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EnglishEdit

 
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PronunciationEdit

Etymology 1Edit

From Latin glāns (acorn).

NounEdit

gland (plural glands)

  1. (zoology) An organ that synthesizes a substance, such as hormones or breast milk, and releases it, often into the bloodstream (endocrine gland) or into cavities inside the body or its outer surface (exocrine gland).
  2. (botany) A secretory structure on the surface of an organ.
HyponymsEdit
Derived termsEdit
TranslationsEdit
The translations below need to be checked and inserted above into the appropriate translation tables, removing any numbers. Numbers do not necessarily match those in definitions. See instructions at Wiktionary:Entry layout#Translations.

See alsoEdit

Etymology 2Edit

19th century. Etymology unknown.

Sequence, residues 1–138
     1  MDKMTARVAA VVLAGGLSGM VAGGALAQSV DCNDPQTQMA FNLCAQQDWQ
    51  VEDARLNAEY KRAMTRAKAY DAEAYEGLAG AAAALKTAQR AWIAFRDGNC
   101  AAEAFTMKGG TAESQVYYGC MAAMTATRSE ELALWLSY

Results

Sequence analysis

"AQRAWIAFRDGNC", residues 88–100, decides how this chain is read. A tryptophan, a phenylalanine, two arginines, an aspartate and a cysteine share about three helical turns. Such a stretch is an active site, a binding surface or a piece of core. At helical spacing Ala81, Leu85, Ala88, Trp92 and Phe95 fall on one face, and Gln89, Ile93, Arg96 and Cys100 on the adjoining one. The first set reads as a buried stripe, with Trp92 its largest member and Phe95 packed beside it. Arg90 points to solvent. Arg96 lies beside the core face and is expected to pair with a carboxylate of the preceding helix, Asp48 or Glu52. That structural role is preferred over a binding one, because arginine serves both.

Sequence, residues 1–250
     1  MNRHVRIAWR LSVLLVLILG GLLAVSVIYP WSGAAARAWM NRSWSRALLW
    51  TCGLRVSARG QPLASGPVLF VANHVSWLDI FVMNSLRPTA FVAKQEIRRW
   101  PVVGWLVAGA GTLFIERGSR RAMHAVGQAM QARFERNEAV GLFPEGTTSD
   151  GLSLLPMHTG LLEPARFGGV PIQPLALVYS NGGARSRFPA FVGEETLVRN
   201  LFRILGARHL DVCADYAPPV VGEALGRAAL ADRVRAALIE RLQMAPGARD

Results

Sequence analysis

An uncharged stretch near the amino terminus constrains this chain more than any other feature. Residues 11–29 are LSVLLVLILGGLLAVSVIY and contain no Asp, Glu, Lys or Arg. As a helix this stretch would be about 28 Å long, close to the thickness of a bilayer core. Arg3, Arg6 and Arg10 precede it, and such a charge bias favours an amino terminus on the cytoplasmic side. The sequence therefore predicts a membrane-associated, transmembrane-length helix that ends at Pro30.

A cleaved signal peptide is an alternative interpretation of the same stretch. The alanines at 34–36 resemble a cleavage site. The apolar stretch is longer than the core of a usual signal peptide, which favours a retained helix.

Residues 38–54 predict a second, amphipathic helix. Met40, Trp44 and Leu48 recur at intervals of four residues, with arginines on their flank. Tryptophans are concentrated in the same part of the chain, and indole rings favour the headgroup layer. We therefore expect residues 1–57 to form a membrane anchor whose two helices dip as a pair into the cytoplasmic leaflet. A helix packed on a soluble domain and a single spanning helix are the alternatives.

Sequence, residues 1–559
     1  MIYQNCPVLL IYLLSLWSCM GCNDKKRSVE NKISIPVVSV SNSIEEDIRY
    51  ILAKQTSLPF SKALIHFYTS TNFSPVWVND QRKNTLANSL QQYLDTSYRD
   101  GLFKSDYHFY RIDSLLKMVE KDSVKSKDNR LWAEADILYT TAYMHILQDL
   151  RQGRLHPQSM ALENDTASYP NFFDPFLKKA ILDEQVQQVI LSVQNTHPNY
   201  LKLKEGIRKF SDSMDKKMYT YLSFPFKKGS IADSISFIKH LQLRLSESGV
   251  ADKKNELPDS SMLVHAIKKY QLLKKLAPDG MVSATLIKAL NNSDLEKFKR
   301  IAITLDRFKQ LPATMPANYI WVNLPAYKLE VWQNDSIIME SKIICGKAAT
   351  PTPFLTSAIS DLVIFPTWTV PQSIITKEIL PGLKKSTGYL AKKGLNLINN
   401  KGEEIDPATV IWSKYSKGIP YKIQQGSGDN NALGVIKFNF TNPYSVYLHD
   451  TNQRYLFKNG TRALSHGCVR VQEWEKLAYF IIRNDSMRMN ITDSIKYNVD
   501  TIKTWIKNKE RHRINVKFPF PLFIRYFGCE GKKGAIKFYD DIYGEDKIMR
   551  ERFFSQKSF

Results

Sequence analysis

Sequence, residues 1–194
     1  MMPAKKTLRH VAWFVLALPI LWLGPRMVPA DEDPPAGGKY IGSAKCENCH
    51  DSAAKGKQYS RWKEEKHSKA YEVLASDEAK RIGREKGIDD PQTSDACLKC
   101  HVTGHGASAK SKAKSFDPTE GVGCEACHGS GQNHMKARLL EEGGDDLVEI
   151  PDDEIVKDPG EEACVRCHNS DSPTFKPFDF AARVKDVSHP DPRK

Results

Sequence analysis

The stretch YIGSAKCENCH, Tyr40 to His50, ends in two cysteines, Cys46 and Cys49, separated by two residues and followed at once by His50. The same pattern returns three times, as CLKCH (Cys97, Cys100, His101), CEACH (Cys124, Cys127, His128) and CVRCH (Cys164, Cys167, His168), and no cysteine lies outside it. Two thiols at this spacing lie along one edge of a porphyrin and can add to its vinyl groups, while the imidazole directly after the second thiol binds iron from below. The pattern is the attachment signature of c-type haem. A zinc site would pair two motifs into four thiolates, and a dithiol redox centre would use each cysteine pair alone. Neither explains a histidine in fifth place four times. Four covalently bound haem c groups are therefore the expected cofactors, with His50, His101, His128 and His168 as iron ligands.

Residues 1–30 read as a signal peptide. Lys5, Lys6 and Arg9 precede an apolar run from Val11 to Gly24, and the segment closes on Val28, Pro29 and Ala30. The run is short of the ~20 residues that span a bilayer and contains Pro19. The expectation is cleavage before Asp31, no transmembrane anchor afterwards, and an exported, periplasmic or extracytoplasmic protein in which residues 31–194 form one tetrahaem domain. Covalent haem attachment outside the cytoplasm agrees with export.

NounEdit

gland (plural glands)

  1. (mechanical) A compressable cylindrical case and its contents around a shaft where it passes through a barrier, intended to prevent the passage of a fluid past the barrier, such as:
    1. A gland used around a ship’s propeller shaft.
    2. A gland used around a tap, valve or faucet.
TranslationsEdit

FrenchEdit

EtymologyEdit

From Latin glāns, glānd-.

PronunciationEdit

NounEdit

gland m (plural glands)

  1. acorn
  2. (anatomy) glans
    • 1785, Donatien Alphonse François de Sade, Les 120 journées de Sodome, ou l'École du libertinage
      Brise-cul, vingt-huit ans, l'air d un satyre, son vit est tortu; la tête ou le gland en est énorme: il a huit pouces trois lignes de tour, et le corps du vit huit pouces sur seize de long; ce vit majestueux est absolument cambré.
  3. tassel
  4. (vulgar, slang) (of a person) prick, wanker, bell end

Further readingEdit


FriulianEdit

EtymologyEdit

From Latin glāns, glāndem.

NounEdit

gland m (plural glands)

  1. acorn

RomanianEdit

EtymologyEdit

Borrowed from French gland.

NounEdit

gland n (plural glanduri)

  1. (anatomy) glans penis

DeclensionEdit